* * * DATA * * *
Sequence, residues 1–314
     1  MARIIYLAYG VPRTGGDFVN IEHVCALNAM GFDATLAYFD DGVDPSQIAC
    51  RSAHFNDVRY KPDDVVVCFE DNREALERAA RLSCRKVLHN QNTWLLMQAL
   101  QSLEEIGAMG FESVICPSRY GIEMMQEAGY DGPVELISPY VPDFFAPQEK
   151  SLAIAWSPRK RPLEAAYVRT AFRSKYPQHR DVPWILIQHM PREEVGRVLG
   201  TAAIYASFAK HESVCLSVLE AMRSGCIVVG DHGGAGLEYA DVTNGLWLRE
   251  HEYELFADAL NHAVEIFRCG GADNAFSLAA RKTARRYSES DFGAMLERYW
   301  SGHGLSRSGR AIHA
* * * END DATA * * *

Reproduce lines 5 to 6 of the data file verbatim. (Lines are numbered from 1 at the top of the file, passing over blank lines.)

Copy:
   151  SLAIAWSPRK RPLEAAYVRT AFRSKYPQHR DVPWILIQHM PREEVGRVLG
   201  TAAIYASFAK HESVCLSVLE AMRSGCIVVG DHGGAGLEYA DVTNGLWLRE